is trump is going to have a day with destiny. there isn't a way to avoid it. congress is going to have to do something. yes, they're going to hand-wring over the politics of the thing. and maybe a lot of them don't want to do it. they'd rather talk about health care and other things, but it's part of their constitutional duty. >> what does it tell you that people are openly invoking politics? it was, as i just noted, it was democrats and others, many others who criticized republicans who were quiet in the face of charlottesville or other things donald trump did that were obviously more important than politics of the day. should that standard apply to the constitutional obligations here? >> absolutely not. and particularly so because if mueller himself has said i can't indict a sitting president and barr has taken that and carried it to its logical conclusion. so now congress is the ball game. and every scholar who says a sitting president can't be indicted couples that with the
view that the way to remedy a president who is breaking the law is to seek their impeachment. otherwise, to use the antiquated term by jeff session, no one is above the law. that's not session' term. that goes back to 1610 in dr. bonham's case in england. >> i thought it was jeff sessions' original. i didn't know he was remixing older stuff. let me also play for you, neal, rudy giuliani, who seems to find a way to muddy or complicate what might have been an easier set of weekend interviews. take a look. >> it doesn't matter whether there was an underlying crime. it's still obstruction. >> when did mueller become god? there is nothing wrong with taking information from russians. >> there is nothing wrong? >> it depends on where it came from. >> don mcgahn saved him. >> don mcgahn didn't save him. >> don mcgahn didn't carry out an order and saved him.
>> he had a perfect right to file mueller. >> omg. i don't know even where to begin. let me take there is nothing wrong with getting information from the russians. the russians are our most sophisticated adversary. trump has been denying that they interfered in the election time and again to the consternation of the intelligence community. the idea that there is nothing wrong, i never thought in my lifetime, ari, i would hear a president of the united states' top lawyer saying that. it's astounding to me. and yet further reason why the congresswoman's right, congress has to take a deep look at this and ask what the heck is going on. why is there so much weirdness in this administration about russia. >> yeah, it's a lot of important questions. we've been relying on your expertise a lot, and luckily we get to come back to you soon. so neal katyal, as part of our opening argument series, as always, thank you for joining us on "the beat." you can go to msnbc.com/openingarguments for not only what you just saw, but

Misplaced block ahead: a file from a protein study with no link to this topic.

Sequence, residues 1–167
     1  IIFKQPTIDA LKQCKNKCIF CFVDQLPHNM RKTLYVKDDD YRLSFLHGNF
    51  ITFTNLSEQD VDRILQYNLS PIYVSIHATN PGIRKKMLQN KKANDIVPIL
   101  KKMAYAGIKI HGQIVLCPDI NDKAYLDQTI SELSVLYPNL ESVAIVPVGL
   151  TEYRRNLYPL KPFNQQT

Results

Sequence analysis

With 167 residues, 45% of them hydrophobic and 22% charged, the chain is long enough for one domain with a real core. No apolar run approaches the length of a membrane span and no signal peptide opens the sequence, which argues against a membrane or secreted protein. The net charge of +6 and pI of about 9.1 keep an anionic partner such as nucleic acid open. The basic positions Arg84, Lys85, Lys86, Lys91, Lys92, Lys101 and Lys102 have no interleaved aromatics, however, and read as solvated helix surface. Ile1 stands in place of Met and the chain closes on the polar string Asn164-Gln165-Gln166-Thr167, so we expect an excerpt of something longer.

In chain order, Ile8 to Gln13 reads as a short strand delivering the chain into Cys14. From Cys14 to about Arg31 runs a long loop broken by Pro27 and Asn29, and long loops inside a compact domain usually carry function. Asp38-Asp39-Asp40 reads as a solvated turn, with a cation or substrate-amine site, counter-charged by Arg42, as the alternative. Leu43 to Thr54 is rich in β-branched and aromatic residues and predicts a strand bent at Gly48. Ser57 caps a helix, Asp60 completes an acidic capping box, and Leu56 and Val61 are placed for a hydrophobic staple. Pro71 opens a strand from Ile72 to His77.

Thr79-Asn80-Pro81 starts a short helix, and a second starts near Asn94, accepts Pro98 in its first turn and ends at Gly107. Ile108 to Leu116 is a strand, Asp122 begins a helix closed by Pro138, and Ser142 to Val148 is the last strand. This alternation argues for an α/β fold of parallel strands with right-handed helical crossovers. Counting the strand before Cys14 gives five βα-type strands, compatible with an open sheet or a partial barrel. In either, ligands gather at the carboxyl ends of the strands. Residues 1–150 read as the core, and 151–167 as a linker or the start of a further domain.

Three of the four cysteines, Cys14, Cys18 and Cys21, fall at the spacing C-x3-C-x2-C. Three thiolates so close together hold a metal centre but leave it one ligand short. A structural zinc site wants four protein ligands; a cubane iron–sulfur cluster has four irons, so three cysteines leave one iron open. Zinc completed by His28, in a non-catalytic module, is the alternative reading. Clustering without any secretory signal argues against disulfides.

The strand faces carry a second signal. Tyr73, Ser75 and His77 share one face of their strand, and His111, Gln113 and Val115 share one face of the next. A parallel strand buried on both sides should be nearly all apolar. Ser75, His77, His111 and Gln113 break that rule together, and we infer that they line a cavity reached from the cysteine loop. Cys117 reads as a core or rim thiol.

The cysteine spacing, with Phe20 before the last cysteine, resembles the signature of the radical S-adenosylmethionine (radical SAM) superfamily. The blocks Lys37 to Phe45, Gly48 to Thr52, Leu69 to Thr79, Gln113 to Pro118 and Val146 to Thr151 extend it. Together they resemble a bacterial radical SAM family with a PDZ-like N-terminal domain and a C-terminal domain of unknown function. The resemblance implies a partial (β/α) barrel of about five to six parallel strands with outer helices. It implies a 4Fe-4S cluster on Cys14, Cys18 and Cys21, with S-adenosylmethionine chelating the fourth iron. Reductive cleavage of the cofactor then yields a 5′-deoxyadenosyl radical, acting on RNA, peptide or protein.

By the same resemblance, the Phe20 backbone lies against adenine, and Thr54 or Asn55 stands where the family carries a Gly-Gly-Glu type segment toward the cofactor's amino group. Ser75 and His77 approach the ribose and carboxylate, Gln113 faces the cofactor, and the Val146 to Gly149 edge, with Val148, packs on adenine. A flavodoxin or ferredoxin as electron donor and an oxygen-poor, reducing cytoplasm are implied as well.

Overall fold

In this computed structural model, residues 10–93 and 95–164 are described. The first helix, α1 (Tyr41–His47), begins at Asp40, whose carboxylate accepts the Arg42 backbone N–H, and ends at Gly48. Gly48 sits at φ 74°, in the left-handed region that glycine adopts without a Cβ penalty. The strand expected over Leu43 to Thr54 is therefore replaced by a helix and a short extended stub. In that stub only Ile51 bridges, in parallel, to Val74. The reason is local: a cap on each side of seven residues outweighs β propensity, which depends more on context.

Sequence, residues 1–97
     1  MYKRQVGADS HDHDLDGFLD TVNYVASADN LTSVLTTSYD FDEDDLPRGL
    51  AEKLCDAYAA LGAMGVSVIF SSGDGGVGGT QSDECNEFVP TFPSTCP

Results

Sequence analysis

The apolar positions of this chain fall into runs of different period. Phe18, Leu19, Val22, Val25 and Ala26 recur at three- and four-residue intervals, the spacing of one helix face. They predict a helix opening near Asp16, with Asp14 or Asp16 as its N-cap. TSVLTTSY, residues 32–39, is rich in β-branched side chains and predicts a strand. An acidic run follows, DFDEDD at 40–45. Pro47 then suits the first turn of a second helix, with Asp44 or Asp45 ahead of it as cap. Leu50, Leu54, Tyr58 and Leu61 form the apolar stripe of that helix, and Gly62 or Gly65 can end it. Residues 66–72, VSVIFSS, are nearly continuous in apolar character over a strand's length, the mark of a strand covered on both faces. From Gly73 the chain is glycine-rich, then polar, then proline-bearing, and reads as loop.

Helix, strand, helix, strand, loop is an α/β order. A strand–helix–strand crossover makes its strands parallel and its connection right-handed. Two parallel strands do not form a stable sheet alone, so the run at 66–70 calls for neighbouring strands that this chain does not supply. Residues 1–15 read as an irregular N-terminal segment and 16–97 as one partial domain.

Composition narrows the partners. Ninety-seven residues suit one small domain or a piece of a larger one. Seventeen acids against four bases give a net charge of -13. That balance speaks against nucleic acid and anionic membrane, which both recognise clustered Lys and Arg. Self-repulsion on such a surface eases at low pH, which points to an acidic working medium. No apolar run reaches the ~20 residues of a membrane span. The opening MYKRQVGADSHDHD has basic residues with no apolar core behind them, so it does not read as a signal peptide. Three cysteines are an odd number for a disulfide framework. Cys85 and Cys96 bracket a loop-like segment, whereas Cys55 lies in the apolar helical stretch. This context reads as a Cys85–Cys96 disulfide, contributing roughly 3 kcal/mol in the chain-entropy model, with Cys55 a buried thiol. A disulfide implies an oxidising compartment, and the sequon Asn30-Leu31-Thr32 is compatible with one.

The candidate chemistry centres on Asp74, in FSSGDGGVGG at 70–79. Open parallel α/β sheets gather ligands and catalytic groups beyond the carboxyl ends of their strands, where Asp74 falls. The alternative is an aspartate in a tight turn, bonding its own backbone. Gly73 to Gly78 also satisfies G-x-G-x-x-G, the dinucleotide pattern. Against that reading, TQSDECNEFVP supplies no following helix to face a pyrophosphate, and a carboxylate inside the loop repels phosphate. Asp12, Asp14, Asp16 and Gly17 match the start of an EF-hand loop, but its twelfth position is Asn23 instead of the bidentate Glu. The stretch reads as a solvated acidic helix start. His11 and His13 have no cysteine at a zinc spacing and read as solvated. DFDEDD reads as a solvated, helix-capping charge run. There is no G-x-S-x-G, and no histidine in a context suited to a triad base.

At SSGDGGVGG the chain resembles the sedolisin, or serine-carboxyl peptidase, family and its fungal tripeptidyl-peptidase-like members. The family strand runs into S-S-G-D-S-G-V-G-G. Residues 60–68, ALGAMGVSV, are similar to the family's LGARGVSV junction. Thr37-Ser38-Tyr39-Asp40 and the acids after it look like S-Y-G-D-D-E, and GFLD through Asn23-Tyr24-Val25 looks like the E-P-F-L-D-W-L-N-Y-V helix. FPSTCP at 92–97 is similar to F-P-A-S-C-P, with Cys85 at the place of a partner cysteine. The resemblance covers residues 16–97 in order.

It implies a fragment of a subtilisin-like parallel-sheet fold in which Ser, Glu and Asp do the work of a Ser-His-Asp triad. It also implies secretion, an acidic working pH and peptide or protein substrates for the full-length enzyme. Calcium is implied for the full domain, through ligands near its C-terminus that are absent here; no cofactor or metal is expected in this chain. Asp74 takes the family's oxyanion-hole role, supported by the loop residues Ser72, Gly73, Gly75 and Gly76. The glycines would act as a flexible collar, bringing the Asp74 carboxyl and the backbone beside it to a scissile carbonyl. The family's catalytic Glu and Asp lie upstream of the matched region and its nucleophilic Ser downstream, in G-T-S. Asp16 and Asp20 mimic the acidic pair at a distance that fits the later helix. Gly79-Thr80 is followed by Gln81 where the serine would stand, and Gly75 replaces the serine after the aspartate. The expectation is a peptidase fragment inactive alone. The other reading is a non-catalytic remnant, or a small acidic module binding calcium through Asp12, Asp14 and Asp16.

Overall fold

all our other segments with neal. coming up, democrats tonight are subpoenaing don mcgahn. donald trump's seething. i'll be joined by someone who has been in that very job, former obama white house council kathy ruler, next. every day, visionaries are creating the future. ♪ so, every day, we put our latest technology and unrivaled network to work. ♪ the united states postal service makes more e-commerce deliveries to homes than anyone else in the country. ♪ because the future only happens with people who really know how to deliver it.
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breaking news tonight. the first post-mueller report subpoena of a major mueller witness, this is mueller's star witness, don mcgahn. jerry nadler calling him to testify before the house. mcgahn's interviews with the special counsel cited 157 times in the mueller report as mcgahn detailed some of the most damning efforts of trump's efforts to crack down on the probe. he is now being compared with nixon's famous white house counsel who famously broke with nixon during watergate. mueller recounts mcgahn was afraid that trump's demands to fire mueller would be a massacre
like nixon when the special prosecutor was ousted. that was the beginning of the end of nixon's presidency. to discuss this white house counsel's unique role in the mueller probe and beyond, i turn to kathy ruemmler, white house council to president obama. she also in all of this represented a mueller witness, george nader. thank you so much for being here. >> thanks, ari. it's great to be here. >> when you read the account of don mcgahn's time in the white house, was that similar, normal like your time? >> absolutely not, no. >> do you ever recall telling the president that a request for an order was unlawful? >> no. no. >> so walk us through how not only strange and in a way it's amazing copy as a story. >> it's incredible. >> but all of your reactions to it having sold the same post. >> i have run out of adjectives to describe what it must be like and what it must have been like for don mcgahn working in this white house. we also had the privilege for